This is a wonderful piece by Jeanne Marie Laskas, writing for GQ magazine. It’s about a strange little federal agency in the US that runs traces on guns that are associated with a crime, trying to figure out who bought it. It’s long, but well worth reading in it’s entirety. There’s a few parts worth highlighting and looking into a little further. Let’s start with the results:
Despite no increase in budget, no new technology, no new staff: “I’m doing twice as many guns, twice as fast, and almost twice as accurately as we did when I got here in 2005.”
There are plenty who may think this is sorcery, or even enabled by some hidden computerised system (which are verboten, thanks to the paranoia of the gun lobby). It’s actually quite simple though. If you look at most end-to-end processes for delivering value in organisations you typically find something that looks like this:
It doesn’t take a huge amount of insight to spot the problem here. Almost all of the waiting time is caused by queues in the system.
Understanding this doesn’t require a man – or a human computer.
Here’s the part where I get a bit angry.
The writer does a wonderful job of drawing you into the story and making you care about the people. It’s an easy read and the character development of Charlie Houser, in particular, is compelling. Charlie is a federal agent who came to the agency in 2005 and seems to have led the transformation of the way the work works. It’s a shame though, that she does a hack job of explaining how the results were actually achieved.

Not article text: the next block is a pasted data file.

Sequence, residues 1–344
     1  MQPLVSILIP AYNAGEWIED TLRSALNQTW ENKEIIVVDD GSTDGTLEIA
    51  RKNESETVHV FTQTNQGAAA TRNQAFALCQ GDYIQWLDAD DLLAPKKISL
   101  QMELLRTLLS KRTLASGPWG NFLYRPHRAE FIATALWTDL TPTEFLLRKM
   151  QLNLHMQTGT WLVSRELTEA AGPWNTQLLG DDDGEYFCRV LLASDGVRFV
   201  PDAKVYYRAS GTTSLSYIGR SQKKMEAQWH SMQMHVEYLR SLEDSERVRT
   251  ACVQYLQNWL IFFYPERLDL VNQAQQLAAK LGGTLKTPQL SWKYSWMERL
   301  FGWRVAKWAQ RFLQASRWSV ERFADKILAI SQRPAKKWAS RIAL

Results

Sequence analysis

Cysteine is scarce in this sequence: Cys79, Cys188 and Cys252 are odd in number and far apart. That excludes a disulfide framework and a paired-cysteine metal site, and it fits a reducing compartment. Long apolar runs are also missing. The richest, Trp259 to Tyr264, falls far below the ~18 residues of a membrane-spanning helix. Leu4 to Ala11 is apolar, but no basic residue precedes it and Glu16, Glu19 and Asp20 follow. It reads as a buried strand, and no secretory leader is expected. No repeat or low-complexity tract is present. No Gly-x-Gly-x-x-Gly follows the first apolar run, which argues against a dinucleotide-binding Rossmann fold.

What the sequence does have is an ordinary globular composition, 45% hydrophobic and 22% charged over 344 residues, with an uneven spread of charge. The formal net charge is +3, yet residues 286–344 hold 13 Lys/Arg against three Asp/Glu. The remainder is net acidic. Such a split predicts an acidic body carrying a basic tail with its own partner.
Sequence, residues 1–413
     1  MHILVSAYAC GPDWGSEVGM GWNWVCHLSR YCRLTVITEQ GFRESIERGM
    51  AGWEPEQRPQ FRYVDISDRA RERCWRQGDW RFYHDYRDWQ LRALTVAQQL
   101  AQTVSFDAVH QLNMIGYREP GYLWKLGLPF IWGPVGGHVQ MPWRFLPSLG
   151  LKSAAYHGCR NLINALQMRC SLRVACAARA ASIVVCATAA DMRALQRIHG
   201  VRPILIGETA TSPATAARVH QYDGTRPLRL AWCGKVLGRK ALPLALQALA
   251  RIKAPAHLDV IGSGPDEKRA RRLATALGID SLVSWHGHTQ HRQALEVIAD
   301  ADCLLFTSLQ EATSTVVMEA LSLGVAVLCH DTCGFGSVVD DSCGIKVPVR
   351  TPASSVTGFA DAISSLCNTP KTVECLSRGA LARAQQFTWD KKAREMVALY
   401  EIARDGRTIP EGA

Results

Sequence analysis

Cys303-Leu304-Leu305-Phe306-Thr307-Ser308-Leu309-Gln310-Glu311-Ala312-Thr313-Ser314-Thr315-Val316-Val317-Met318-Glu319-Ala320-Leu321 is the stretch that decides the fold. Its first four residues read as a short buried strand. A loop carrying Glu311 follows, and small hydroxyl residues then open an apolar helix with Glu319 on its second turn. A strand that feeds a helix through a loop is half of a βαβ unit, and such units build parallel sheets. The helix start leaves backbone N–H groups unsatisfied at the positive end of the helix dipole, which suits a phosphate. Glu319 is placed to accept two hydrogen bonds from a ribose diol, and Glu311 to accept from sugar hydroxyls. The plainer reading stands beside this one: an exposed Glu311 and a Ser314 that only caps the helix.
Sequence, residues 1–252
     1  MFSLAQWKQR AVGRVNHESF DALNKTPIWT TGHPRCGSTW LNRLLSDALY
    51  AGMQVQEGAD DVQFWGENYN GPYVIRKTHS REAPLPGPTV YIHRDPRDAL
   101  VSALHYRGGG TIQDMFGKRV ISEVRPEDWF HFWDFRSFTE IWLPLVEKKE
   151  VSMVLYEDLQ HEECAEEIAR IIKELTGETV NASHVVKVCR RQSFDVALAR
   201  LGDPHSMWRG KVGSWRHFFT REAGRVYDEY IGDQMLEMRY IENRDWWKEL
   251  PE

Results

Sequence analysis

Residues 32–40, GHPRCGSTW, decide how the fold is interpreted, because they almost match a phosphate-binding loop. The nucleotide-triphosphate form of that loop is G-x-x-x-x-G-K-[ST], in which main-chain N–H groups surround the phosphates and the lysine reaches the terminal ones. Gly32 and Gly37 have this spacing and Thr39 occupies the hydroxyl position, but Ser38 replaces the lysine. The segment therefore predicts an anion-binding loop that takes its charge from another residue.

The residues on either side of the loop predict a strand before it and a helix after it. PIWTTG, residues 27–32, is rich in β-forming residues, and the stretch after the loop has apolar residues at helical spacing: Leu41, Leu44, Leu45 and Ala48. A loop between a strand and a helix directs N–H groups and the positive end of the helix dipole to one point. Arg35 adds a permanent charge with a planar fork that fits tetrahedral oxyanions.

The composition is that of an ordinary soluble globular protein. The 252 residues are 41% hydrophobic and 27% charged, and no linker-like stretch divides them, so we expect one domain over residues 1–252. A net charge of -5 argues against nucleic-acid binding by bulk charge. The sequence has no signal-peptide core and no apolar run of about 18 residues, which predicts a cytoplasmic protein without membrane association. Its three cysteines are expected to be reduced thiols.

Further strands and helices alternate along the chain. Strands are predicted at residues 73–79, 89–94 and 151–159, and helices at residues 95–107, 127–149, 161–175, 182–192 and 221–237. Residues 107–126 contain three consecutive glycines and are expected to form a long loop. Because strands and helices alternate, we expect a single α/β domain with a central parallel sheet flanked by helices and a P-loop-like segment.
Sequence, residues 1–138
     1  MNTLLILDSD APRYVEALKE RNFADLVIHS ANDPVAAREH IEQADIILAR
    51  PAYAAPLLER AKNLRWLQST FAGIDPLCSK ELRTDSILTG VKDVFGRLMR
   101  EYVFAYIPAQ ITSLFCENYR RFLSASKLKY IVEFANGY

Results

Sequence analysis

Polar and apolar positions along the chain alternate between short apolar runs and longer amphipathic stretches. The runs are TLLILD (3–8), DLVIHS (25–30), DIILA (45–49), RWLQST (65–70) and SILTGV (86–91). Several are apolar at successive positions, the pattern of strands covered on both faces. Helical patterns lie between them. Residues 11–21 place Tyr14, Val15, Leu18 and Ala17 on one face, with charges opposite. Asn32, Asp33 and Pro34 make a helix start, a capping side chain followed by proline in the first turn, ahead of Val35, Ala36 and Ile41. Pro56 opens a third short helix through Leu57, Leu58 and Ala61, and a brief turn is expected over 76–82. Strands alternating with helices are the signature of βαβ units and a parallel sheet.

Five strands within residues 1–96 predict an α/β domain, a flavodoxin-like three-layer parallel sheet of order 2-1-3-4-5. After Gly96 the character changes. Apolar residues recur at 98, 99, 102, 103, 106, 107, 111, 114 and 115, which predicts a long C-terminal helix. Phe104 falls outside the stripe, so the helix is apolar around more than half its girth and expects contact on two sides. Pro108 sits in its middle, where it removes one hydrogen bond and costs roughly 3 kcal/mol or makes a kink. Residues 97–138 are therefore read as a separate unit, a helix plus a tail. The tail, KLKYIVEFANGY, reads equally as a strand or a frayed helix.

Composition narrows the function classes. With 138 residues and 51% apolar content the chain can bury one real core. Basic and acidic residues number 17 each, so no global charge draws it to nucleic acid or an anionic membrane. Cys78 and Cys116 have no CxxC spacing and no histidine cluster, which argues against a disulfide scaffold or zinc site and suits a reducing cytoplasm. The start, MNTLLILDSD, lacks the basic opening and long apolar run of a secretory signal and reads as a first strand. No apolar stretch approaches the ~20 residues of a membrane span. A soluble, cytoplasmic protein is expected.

There’s a passing mention of ISO9000 and Six Sigma, sounds kinda scary. Then there’s a wonderful part in which Charlie does his best to convey just how easy it is to learn this stuff. No need to go to some fancy university. No machine learning or any (shudder) computer programming involved. It came out of a book. From a book store.
“I just found it at Barnes & Noble,” he says, in a tone suggesting that this shit is basic.
What the writer is implying here is that this isn’t basic. That Charlie has some special gift. That Charlie is actually a genius (despite him attempting to explain how accessible this is).
Now, I get it – people might be turned off if you attempt to explain even the basics of queueing theory to them. There’s a good chance they’ll get lost and stop reading. But to ascribe the genius to a man (surrounded by a bunch of “ladies”) is just sloppy. Would it have been so hard to do a bit more homework?
Instead, we get one sentence about the rate at which gun descriptions can be typed up, in which Charlie proves that he (or was it one of the “ladies”?) can operate a stopwatch and do basic division. Charlie goes on to compare one queue with three servers vs three queues with one server each. Before we get to the point: